Carmichael said she worked on ways to improve patient care in Uganda and participated in research that gained recognition from the National Student Nurses’ Association.
“I initiated classes for the staff at the clinic on how to improve patient care. My main focus was on pain assessment, which was previously absent from the clinic,” she said. “After the classes, I followed the charting in the clinic as part of a research project in the success of the classes, and presented the research under [associate professor] Dr. Tracy Anderson at the National Student Nurses Association Midyear Conference.”
This award is particularly meaningful for Carmichael because she said the Uganda experience had a profound influence on her life.
“This award is so special to me,” she said. “I will never forget my time in Uganda. I can’t wait to see what the next group experiences and accomplishes. Saint Mary’s has been such an empowering environment for me, and I hope the next generation of Belles will see that their opportunities are endless.”
Senior Katherine Soper, an elementary education major and mild intervention minor, is the recipient of the Sister Maria Concepta McDermott, CSC Award for Service in Education. Sister McDermott instituted an interdisciplinary approach to teachers’ education at Saint Mary’s College and spent time teaching in Uganda, Brazil and China.
“Sister Maria Concepta McDermott — a dynamic, determined young woman — was known by her students and within education circles for her work in multicultural education and among troubled youths,” Soper said in an email. “Sister Maria was a woman ahead of her time and an outspoken voice for the rights of the poor.”
Education department chair Dr. Nancy Turner nominated Soper for the Sister Maria Concepta McDermott award on behalf of the Saint Mary’s department of education. Soper said serving as a part of the education department has given her the opportunity to observe and teach in six public and Catholic schools in the South Bend community. Saint Mary’s also sent Soper to Uganda in the summer of 2017 to teach at Moreau Nursery and Primary School.
“While there, I lived, prayed and worked with the Sisters of the Holy Cross,” Soper said, “These opportunities have prepared me to educate students hearts, minds and souls.”
This award is in remembrance of Sister McDermott’s devotion to education, and Soper said she is honored to have received acknowledgment in the name of someone whose passion for educating students from all walks of life inspires her to be a better teacher.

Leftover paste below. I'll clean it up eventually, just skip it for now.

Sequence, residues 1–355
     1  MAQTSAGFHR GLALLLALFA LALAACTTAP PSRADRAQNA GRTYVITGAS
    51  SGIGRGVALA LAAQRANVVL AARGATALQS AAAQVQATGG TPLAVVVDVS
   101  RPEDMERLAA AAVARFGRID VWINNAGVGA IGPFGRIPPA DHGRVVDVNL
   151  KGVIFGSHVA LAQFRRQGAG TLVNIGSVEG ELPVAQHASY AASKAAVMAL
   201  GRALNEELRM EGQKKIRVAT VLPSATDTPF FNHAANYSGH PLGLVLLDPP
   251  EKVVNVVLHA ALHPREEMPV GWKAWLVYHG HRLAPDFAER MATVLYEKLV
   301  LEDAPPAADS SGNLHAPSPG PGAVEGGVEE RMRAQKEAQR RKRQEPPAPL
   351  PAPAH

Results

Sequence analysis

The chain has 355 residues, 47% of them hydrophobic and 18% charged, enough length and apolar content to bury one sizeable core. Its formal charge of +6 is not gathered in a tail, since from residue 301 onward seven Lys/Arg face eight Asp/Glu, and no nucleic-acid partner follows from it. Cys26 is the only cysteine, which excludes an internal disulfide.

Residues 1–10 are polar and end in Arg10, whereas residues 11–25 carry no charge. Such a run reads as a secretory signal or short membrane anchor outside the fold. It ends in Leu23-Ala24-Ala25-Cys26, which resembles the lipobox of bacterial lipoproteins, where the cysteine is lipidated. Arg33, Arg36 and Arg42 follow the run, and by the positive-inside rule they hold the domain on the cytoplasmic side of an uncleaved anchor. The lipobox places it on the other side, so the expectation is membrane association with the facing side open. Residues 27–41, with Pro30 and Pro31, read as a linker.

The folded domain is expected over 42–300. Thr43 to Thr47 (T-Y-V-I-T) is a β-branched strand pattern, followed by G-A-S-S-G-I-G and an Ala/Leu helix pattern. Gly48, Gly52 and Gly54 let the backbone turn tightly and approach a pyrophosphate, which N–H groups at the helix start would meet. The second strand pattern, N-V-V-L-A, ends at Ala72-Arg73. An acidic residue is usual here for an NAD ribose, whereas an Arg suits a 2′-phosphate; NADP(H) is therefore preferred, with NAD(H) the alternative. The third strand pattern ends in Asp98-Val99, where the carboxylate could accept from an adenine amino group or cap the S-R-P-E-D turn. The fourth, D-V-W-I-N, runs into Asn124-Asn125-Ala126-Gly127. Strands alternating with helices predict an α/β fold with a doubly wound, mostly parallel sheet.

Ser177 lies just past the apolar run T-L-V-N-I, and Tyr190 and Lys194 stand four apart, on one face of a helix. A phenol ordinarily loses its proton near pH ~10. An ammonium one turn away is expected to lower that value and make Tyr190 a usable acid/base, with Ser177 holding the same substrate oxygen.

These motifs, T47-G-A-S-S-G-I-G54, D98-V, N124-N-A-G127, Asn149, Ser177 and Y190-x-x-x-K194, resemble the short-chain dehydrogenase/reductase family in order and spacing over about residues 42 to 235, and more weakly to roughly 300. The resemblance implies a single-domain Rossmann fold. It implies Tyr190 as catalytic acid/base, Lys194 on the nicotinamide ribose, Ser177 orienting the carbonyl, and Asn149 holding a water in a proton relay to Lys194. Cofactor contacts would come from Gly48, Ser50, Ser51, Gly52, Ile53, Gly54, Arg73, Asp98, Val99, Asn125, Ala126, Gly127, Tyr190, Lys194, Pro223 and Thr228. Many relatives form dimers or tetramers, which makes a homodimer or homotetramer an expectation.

“I hope to emulate her passion in my future classrooms … and leave a legacy of faith, fellowship and perseverance [at Saint Mary’s],” Soper said.
After graduation, Soper will be returning to Uganda to teach for seven weeks. Upon returning, she will teach a second-grade class at Saint Joseph’s Grade School in South Bend.
Sophomores Anne Maguire, Jessy Nguyen, Chiara Smorada and Yufei Zhang were nominated by the Saint Mary’s department of campus ministry to receive the Sister Olivette Whalen, CSC Award for General Service. Sister Whalen dedicated her time to serving the needs of the poor, promoting the ministry of education and responding specifically to unmet needs in India. While traveling to India in 1941, Sister Whalen was captured and imprisoned for four years, according to the division for mission.
Zhang, a statistical and actuarial math major, said that this award is given to students who serve the community and the college with the same spirit of Sister Whalen’s devoted advocacy and fight for human rights. While she said she did not expect to receive this award, Zhang was honored to be acknowledged alongside her friends. Together, the group started a student club called “Project S.H.E.,” or “Project Spreading Hope through Education,” through which they visited and worked with girls from Coquillard Traditional School, Robinson Community Learning Center and La Casa de Amistad.
“We mainly work with girls from elementary schools to empower them to become future leaders through weekly organizing workshops at local schools,” Zhang said in an email. “Besides our own club, we are also interested and involved in interfaith, intercultural and other events and clubs on campus.”
The group of friends was surprised by their nomination, as they consider their work to be a passion project, not anything outstanding or special, Zhang said.
“This award is such an honor and a recognition of my work,” she said. “It definitely motivates me to work harder and do more good things to return to the College and to the community.”
Zhang said she considers women’s educational rights to be fundamental.
“I hope there will be people continuing Project S.H.E. works to empower young women and help them realize their potentials,” she said.
In addition, seniors Katherine Dunn and Julia Sturges were awarded the Sister Christine Healy Award for Service with Women. Senior Colleen Zewe won the Sister Kathleen Anne Nelligan Award for Ministry.
Editor’s Note: Colleen Zewe is a news writer for The Observer.